James Dahlman is an Assistant Professor in the Georgia Tech BME Department. He studied RNA design and gene editing as a post-doc with Feng Zhang at the Broad Institute, and received his PhD from MIT and Harvard Medical School in 2014, where he studied RNA delivery with Robert Langer and Daniel Anderson.
The Lab for Precision Therapies at Georgia Tech, also called the 'Dahlman Lab', works at the interface of drug delivery, nanotechnology, genomics, and gene editing. James has designed nanoparticles that deliver RNAs to the lung and heart; these nanoparticles have been used by over ten labs across the US to date. He has also developed targeted in vivo combination therapies; nanoparticles deliver multiple therapeutic RNAs at once, in order to manipulate several nodes on a single disease pathway. More recently, he developed a method to quantify the targeting, biodistribution, and pharmacokinetics of dozens to hundreds of distinct nanoparticles at once directly in vivo.
Finally, James uses molecular biology to rationally design the genetic drugs he delivers. He recently reported 'dead' guide RNAs; these engineered RNAs can be used to simultaneously up- and down-regulate different genes in a single cell using Cas9.
James has won the NSF, NDSEG, NIH OxCam, Whitaker Graduate, and LSRF Fellowships, the Weintraub Graduate Thesis Award, and was recently named a Bayer Young Investigator and Parkinson's Disease Foundation Young Investigator. He has had significant help along the way. Besides having great scientific advisors, James has been lucky to mentor excellent students, including two that were finalists for the Rhodes Scholarship.
Areas of Expertise (8)
Vascular and Immunoengineering
DNA Barcoded Nanoparticles
Big Data / Nanotechnology
Selected Accomplishments (2)
Cellular and Molecular Bioengineering
Named an emerging investigator in chemistry / materials science by the Journal of Materials Chemistry B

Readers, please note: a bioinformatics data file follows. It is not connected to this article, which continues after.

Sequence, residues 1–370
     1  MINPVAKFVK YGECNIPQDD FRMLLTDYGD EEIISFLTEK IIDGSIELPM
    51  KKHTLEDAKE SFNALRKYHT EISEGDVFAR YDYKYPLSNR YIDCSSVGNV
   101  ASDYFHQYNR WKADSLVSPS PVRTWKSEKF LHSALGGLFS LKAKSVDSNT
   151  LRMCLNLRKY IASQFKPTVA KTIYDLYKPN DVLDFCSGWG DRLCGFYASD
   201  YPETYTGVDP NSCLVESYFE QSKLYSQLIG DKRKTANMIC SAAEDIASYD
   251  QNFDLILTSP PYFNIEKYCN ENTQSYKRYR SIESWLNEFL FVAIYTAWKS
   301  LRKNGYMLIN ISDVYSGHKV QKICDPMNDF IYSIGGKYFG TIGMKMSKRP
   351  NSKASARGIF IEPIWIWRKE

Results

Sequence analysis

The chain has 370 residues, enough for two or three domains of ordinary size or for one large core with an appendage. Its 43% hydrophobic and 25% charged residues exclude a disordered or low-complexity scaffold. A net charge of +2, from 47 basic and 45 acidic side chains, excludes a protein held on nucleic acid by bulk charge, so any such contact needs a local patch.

MIT: Ph.D., Medical Engineering 2014
Wright State University: B.S., Biomedical Engineering 2009
Selected Media Appearances (5)
DNA Data Storage Is Closer Than You Think
Scientific American online
Every minute in 2018, Google conducted 3.88 million searches, and people watched 4.33 million videos on YouTube, sent 159,362,760 e-mails, tweeted 473,000 times and posted 49,000 photos on Instagram, according to software company Domo. By 2020 an estimated 1.7 megabytes of data will be created per second per person globally, which translates to about 418 zettabytes in a single year (418 billion one-terabyte hard drive’s worth of information), assuming a world population of 7.8 billion. The magnetic or optical data-storage systems that currently hold this volume of 0s and 1s typically cannot last for more than a century, if that. Further, running data centers takes huge amounts of energy. In short, we are about to have a serious data-storage problem that will only become more severe over time.
Red Glow Helps Identify Nanoparticles for Delivering RNA Therapies
Georgia Tech News Center online
A new screening process could dramatically accelerate the identification of nanoparticles suitable for delivering therapeutic RNA into living cells. The technique would allow researchers to screen hundreds of nanoparticles at a time, identifying the organs in which they accumulate – and verifying that they can successfully deliver an RNA cargo into living cells.
MIT Technology Review Applauds Georgia Tech’s Dahlman in ‘35 Innovators Under 35’
Georgia Institute of Technology online
When a recognition makes your name fit comfortably into the same sentence with Facebook’s “Mark Zuckerberg” or Google co-founder “Larry Page,” you know it’s something special. A shout-out in the MIT Technology Review’s annual roster of “35 Innovators Under 35” did just that for Georgia Tech biomedical researcher James Dahlman.
$21.9 Million Gene Modulation Research Effort Targets Influenza Pandemics
Georgia Tech News Center online
A multifaceted research effort aimed at temporarily modulating gene expression using RNA-based techniques could help protect against pandemic flu by boosting lung resistance to infection, attacking the influenza virus directly, enhancing immune system response and improving the effects of existing vaccines.
Comparison Shows Value of DNA Barcoding in Selecting Nanoparticles
Georgia Tech News Center online
The first direct comparison of in vitro and in vivo screening techniques for identifying nanoparticles that may be used to transport therapeutic molecules into cells shows that testing in lab dishes isn’t much help in predicting which nanoparticles will successfully enter the cells of living animals.
Novel crispr enzymes and systems
The invention provides for systems, methods, and compositions for targeting nucleic acids. In particular, the invention provides non-naturally occurring or engineered DNA or RNA-targeting systems comprising a novel DNA or RNA-targeting CRISPR effector protein and at least one targeting nucleic acid component like a guide RNA.
Conjugated lipomers and uses thereof
wherein R3 and R4 are as defined herein. Also provided are compositions comprising the inventive conjugated lipomers, and methods of preparation and use.
Selected Articles (5)
Jonathan M. Brown, James E. Dahlman, Kristin K. Neuman, Carla A.H. Prata, Monika C. Krampert, Philipp M. Hadwiger, and Hans-Peter Vornlocher